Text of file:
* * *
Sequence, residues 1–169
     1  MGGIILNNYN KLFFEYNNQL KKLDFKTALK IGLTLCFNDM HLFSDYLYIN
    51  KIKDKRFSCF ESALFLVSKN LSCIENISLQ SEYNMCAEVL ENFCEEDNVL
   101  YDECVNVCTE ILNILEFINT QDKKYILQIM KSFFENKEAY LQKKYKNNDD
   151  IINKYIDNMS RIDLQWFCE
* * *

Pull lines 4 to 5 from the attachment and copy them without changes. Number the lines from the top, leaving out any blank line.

   101  YDECVNVCTE ILNILEFINT QDKKYILQIM KSFFENKEAY LQKKYKNNDD
   151  IINKYIDNMS RIDLQWFCE